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LAWN, a very thin fabric made from level linen or cotton yarns. It is used for light dresses and trimmings, also for handkerchiefs. The terms lawn and cambric (q.v.) are often intended to indicate the same fabric. The word " lawn " was formerly derived from the French name for the fabric linon, from lin, flax, linen, but Skeat (Etym. Diet., 1898, Addenda) and A. Thomas (Romania, xxix. 182, 1900) have shown that the real source of the word is to be found in the name of the French town Laon. Skeat quotes from Palsgrave, Les claircissement de la langue Franfoyse (1530), showing that the early name of the fabric was Laune lynen. An early form of the word was " laund," probably due to an adaptation to "laund," lawn, glade or clearing in a forest, now used of a closely-mown expanse of grass in a garden, park, etc. (see GRASS and HORTICULTURE). This word comes from O. Fr. launde, mod. lande, wild, heathy or sandy ground, covered with scrub or brushwood, a word of Celtic origin; cf. Irish and Breton lann, heathy ground, also enclosure, land; Welsh Han, enclosure. It is cognate with " land," common to Teutonic languages. In the original sense of clearing in a forest, glade, Lat. saltus, " lawn," still survives in the New Forest, where it is used of the feeding-places of cattle.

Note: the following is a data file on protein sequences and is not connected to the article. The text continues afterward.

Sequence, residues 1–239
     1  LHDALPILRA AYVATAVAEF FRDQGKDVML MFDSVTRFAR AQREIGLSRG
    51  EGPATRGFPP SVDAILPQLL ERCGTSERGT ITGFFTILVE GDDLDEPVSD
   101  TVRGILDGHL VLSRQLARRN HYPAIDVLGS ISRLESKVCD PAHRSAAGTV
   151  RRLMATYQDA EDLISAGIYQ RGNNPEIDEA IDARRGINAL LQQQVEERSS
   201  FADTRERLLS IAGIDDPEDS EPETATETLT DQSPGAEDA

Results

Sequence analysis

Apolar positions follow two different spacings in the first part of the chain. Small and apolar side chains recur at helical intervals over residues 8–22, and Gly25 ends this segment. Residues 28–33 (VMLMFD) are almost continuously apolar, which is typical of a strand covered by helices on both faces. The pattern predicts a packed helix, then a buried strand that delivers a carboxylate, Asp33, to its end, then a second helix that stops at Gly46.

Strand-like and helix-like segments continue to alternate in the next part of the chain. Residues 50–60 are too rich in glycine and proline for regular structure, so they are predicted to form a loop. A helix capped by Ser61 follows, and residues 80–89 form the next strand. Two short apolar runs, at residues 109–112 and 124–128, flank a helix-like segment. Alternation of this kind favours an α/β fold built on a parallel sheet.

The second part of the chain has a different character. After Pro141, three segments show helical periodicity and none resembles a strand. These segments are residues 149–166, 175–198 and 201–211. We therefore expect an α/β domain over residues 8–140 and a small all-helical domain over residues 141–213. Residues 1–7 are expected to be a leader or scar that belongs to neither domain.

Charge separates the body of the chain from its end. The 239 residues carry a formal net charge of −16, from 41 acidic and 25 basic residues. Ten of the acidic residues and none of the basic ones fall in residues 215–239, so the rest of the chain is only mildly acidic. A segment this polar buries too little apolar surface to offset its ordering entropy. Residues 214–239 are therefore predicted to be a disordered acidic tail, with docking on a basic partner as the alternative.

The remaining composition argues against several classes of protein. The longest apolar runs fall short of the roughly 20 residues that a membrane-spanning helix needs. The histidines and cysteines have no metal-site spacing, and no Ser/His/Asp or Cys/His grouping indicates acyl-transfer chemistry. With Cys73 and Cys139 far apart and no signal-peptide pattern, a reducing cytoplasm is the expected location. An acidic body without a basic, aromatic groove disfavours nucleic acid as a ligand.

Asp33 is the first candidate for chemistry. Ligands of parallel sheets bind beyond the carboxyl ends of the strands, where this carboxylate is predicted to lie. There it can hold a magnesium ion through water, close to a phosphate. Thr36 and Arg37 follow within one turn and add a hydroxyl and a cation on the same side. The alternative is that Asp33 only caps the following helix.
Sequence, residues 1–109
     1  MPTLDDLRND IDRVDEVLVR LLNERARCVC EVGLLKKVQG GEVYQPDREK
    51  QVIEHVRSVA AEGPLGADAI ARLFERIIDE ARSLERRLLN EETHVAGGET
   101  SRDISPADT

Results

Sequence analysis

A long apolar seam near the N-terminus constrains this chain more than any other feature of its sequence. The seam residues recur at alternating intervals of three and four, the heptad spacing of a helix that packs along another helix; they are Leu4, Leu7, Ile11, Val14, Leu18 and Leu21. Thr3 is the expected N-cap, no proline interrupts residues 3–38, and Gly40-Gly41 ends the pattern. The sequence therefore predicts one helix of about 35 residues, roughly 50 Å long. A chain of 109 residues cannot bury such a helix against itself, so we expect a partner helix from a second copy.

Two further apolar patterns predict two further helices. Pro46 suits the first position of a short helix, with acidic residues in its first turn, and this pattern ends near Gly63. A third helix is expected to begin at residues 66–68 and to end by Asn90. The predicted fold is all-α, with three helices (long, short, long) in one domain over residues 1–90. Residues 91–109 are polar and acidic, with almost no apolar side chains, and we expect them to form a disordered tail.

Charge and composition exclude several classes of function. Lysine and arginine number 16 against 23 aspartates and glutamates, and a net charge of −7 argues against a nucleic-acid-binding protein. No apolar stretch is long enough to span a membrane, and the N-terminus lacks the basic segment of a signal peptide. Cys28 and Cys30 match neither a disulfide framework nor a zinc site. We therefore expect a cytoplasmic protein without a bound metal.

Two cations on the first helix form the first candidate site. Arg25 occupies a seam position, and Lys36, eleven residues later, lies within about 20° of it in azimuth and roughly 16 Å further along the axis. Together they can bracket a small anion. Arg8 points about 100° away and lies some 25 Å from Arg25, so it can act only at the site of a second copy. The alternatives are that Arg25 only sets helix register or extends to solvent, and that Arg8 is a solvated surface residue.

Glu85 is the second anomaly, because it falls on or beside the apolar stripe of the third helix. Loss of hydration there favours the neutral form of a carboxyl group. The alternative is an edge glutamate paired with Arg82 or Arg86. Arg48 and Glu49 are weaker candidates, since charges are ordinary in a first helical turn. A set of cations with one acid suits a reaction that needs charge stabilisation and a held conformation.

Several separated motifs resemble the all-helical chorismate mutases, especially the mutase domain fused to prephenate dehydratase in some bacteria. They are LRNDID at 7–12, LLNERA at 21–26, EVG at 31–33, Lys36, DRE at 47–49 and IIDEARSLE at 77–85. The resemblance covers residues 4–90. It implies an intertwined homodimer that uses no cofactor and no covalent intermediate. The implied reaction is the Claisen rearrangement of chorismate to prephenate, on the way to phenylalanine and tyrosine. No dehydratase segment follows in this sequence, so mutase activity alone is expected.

Note - this article incorporates content from Encyclopaedia Britannica, Eleventh Edition, (1910-1911)

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